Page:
But a teacher grabbed a video camera and recorded the moment Mary Ashley learned she was headed to Los Angeles for a possible kidney transplant.

“I’m so excited,” she squealed with a huge, smile.

Within hours, the Barbots were on a plane and Mary Ashley had a new kidney in less than a day.

Mary Ashley Barbot (L) with Dr. Dechu Puliyanda (R) at Cedars-Sinai Medical Center where she underwent a long-awaited kidney transplant surgery. Sept. 16, 2022
The Barbot Family
Mary Ashley Barbot (L) with Dr. Dechu Puliyanda (R) at Cedars-Sinai Medical Center where she underwent kidney transplant surgery. Sept. 16, 2022

Dr. Dechu Puliyanda who cared for Mary Ashley expected her to be nervous before the surgery.

“But she had so much faith, so much hope. You know she wanted it to happen,” says Dr. Puliyanda, the Director of Pediatric Nephrology and Transplantation at the Cedars-Sinai Medical Center.

The Barbots admit they were nervous.

“But when we finally saw her and saw the little catheter bag was filling up with urine and it was starting to work, it’s hard to describe what a wonderful feeling that is.”

But the Barbots know that wonderful feeling came at a cost.

“Someone, some family had to have a tremendous loss in order to save our child’s life,” says Charlene Barbot.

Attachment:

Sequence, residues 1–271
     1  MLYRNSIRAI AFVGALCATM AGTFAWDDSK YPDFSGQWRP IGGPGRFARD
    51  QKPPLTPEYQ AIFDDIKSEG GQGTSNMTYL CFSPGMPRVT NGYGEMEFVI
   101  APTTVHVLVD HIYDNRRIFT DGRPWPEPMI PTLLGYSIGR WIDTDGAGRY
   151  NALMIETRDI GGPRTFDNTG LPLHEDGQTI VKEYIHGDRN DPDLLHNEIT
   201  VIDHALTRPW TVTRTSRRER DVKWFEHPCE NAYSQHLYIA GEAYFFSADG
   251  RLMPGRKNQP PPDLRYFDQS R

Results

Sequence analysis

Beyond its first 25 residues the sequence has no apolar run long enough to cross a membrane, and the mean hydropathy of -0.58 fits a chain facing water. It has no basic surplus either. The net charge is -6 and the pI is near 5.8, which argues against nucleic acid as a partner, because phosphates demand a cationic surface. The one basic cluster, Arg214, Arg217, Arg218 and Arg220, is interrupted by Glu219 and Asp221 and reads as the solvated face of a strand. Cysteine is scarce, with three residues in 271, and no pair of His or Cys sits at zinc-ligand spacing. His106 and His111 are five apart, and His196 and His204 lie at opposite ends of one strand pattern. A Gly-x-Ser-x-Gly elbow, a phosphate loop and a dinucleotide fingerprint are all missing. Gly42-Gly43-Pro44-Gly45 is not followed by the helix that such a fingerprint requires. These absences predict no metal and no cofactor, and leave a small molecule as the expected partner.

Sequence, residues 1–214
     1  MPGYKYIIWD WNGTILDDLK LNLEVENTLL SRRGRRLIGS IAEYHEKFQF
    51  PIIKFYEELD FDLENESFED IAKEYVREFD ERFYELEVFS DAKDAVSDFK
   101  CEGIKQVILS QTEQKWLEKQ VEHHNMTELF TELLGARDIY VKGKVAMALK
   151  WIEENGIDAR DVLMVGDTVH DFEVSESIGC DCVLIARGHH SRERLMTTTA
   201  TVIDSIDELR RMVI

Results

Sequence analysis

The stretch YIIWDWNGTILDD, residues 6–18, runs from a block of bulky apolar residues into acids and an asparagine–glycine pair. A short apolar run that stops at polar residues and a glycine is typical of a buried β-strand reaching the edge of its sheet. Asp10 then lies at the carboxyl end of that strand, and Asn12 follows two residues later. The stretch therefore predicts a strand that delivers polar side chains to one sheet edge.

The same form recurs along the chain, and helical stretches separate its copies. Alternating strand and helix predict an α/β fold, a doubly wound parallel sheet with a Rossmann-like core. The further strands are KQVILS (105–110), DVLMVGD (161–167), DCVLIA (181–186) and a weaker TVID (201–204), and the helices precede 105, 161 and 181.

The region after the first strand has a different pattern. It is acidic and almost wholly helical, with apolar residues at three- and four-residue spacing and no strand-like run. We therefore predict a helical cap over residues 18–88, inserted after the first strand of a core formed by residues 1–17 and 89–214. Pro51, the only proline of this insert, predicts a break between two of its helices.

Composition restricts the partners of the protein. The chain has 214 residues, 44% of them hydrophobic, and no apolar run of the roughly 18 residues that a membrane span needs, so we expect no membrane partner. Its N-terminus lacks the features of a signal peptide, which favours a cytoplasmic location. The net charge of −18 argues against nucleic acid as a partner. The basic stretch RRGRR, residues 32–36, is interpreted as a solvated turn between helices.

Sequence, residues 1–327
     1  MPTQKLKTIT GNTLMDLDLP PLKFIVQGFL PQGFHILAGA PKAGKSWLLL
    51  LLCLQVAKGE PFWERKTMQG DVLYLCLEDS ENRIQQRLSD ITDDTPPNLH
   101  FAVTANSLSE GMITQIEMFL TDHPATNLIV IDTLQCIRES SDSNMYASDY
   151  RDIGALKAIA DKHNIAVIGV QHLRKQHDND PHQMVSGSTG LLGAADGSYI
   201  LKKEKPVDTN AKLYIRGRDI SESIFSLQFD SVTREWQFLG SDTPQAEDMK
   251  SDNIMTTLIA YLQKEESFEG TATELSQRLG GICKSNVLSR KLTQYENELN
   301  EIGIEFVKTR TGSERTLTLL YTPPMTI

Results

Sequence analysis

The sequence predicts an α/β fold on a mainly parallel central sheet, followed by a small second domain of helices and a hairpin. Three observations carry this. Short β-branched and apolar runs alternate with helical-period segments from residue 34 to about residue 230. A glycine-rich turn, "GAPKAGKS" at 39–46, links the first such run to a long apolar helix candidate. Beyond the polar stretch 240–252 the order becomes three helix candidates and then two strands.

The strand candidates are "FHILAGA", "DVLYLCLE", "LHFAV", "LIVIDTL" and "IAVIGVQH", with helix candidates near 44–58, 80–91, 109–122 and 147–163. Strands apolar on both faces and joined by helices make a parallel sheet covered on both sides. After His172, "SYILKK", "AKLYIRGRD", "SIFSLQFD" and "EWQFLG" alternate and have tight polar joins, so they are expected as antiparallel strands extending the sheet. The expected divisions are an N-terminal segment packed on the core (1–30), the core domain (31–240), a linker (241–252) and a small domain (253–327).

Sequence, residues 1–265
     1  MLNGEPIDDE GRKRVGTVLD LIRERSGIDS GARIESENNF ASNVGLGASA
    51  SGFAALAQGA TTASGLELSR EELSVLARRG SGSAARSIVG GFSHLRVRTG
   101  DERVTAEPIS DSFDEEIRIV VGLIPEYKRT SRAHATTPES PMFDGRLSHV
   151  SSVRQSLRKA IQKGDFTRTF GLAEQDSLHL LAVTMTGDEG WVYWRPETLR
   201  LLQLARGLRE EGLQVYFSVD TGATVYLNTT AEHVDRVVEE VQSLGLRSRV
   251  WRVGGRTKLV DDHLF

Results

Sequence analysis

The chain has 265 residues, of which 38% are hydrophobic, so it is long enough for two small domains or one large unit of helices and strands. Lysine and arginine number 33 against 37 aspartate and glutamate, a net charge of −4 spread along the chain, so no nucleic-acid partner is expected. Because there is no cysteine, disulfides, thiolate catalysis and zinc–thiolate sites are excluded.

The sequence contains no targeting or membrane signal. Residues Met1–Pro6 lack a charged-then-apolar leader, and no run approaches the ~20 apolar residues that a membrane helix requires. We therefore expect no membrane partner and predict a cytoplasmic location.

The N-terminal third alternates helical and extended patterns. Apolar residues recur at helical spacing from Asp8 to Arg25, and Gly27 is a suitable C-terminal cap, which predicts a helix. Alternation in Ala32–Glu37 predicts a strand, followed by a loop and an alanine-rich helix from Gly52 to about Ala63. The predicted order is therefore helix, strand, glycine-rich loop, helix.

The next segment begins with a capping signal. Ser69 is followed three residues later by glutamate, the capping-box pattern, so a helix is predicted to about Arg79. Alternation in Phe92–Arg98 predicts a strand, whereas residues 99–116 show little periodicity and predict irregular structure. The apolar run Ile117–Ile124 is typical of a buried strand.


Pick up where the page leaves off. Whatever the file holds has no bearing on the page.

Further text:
The Barbots say they’ll honor that loss by caring for this kidney. Mary Ashley has already given it a name.

“Cupcake,” she says. “Because I love cupcake.”

Every year, for as long as the family can remember, Mary Ashley has wished for a kidney for Christmas. They just got home from Los Angeles in time for Christmas and say they have hope to share.

“This year our hope is that so many others get that Christmas miracle too.”

More than 105,000 people are currently on the national transplant waiting list.

Victoria Hansen is our Lowcountry connection covering the Charleston community, a city she knows well. She grew up in newspaper newsrooms and has worked as a broadcast journalist for more than 20 years. Her first reporting job brought her to Charleston where she covered local and national stories like the Susan Smith murder trial and the arrival of the Citadel’s first female cadet.